Book Review: Think Like a Freak by Steven D. Levitt and Stephen J. Dubner
June 4, 2014 6 Comments
Think Like a Freak: What it is about
From the publishers: “Levitt and Dubner offer a blueprint for an entirely new way to solve problems, whether your interest lies in minor lifehacks or major global reforms. As always, no topic is off-limits. They range from business to philanthropy to sports to politics, all with the goal of retraining your brain. Along the way, you’ll learn the secrets of a Japanese hot-dog-eating champion, the reason an Australian doctor swallowed a batch of dangerous bacteria, and why Nigerian e-mail scammers make a point of saying they’re from Nigeria.
Some of the steps toward thinking like a Freak:
- First, put away your moral compass—because it’s hard to see a problem clearly if you’ve already decided what to do about it.
- Learn to say “I don’t know”—for until you can admit what you don’t yet know, it’s virtually impossible to learn what you need to.
- Think like a child—because you’ll come up with better ideas and ask better questions.
- Take a master class in incentives—because for better or worse, incentives rule our world.
- Learn to persuade people who don’t want to be persuaded—because being right is rarely enough to carry the day.
- Learn to appreciate the upside of quitting—because you can’t solve tomorrow’s problem if you aren’t willing to abandon today’s dud.
Levitt and Dubner plainly see the world like no one else. Now you can too. Never before have such iconoclastic thinkers been so revealing—and so much fun to read.”
Think Like a Freak: What I thought
I haven’t read the two previous books by these authors, Freakonomics and Superfreakonomics. Apparently, they describe economic problems and clever ways to think about these and to find ways to solve them.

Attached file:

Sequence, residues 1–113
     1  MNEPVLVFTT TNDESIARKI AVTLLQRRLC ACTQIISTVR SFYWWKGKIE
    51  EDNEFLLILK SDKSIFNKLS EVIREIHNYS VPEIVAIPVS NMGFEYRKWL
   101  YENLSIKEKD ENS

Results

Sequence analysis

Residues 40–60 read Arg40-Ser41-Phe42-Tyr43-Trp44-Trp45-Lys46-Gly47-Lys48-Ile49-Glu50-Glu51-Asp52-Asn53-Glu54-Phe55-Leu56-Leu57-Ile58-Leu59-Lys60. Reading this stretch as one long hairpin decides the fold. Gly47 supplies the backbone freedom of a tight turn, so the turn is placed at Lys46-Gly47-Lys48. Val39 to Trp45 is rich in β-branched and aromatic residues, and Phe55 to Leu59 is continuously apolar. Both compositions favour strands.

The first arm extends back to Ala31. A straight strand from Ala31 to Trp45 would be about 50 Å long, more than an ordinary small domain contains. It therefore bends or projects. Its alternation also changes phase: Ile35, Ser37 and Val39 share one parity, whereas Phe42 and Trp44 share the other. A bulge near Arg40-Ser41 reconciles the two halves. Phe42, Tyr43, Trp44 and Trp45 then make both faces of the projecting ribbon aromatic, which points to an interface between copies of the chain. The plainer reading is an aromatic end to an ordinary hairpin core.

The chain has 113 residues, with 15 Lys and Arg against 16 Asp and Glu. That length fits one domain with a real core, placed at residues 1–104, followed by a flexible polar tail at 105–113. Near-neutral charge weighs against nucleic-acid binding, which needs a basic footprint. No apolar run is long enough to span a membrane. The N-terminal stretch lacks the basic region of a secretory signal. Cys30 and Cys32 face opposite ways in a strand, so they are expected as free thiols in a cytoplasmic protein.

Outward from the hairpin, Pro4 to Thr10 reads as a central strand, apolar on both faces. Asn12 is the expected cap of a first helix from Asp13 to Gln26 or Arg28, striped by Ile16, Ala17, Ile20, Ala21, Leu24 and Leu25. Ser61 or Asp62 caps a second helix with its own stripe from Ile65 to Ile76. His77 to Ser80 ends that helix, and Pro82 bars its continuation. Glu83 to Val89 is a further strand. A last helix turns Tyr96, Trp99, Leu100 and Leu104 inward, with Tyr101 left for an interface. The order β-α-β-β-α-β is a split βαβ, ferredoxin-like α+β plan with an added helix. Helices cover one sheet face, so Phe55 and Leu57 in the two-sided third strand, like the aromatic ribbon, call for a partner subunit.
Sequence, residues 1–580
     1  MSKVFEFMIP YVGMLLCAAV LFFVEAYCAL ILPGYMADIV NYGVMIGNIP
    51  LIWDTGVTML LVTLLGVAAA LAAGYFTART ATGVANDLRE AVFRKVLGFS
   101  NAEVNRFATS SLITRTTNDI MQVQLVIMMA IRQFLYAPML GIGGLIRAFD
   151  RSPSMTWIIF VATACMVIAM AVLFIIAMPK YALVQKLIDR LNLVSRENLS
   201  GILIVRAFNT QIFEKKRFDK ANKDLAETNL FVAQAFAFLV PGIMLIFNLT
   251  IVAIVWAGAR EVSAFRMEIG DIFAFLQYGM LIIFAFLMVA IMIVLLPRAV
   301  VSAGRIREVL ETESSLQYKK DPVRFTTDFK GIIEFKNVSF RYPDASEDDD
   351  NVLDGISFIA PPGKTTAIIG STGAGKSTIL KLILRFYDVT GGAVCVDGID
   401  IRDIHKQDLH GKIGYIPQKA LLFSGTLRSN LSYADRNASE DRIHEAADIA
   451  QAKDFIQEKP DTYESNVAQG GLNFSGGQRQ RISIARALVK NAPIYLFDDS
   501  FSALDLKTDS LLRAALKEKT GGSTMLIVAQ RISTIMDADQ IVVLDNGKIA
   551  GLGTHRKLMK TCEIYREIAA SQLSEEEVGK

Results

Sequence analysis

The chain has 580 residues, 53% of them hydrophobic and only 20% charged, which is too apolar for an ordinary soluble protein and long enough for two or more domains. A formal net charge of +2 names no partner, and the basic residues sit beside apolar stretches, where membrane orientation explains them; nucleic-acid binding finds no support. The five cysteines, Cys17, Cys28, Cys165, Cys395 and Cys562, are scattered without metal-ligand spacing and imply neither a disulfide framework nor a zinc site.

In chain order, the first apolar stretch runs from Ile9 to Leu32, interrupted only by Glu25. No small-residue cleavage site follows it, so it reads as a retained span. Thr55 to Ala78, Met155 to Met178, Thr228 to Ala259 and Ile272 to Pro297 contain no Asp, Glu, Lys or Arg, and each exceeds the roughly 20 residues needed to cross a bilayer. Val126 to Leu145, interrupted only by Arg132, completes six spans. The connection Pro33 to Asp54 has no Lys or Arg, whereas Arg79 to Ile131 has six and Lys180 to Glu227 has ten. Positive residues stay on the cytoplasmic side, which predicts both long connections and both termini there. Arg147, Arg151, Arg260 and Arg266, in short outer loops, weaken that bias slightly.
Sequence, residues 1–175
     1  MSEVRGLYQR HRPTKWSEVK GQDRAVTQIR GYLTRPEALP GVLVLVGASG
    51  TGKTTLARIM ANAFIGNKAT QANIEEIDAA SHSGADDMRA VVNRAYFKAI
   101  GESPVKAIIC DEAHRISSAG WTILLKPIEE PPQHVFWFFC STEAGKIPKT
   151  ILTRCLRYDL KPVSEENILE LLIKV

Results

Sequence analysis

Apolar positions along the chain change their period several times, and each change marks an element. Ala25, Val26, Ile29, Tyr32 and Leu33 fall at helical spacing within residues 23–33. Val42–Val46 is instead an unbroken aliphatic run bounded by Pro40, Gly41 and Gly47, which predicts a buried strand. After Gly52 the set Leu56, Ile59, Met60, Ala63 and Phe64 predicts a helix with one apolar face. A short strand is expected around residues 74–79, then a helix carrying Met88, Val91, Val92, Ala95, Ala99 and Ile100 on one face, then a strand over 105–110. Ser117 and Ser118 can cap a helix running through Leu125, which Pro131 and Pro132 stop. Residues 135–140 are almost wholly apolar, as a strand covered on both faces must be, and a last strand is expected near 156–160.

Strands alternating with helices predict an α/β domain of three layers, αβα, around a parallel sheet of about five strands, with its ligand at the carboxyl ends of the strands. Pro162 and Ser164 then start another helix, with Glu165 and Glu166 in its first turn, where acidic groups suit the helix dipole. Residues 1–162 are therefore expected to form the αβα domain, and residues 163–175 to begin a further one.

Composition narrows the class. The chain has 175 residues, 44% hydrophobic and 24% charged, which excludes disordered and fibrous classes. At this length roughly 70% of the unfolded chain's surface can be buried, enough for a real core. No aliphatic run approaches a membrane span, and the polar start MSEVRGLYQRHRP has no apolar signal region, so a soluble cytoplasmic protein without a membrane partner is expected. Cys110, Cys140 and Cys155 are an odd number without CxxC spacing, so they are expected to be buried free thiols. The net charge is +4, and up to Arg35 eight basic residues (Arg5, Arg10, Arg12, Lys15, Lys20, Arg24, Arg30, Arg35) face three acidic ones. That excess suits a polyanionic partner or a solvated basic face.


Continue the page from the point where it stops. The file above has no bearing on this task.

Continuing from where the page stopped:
In this book, the authors take a different approach and explain to the reader how they, too, can think like a freak and solve problems that seem impossible. The book is full of stories of people who achieved something remarkable, and describes what their thinking process was to get to these achievements. Really, that’s all it is, a book full of anecdotes.
Unfortunately, the writers don’t give a handy list of ways to think like a freak (I will have to copy the list above and put it in my copy of the book). That’s a pity, because I like lists, and I would have liked to see something like the above in the book itself.
Other than that, the book inspires the reader to think in a different way. It may not always make you popular with others, but it may lead to the most amazing results.
Rating: 4 out of 5 stars (Good)
Number of pages: 268
First published: 2014
I got this: from the publishers, William Morrow, for review
Genre: non-fiction, economics, business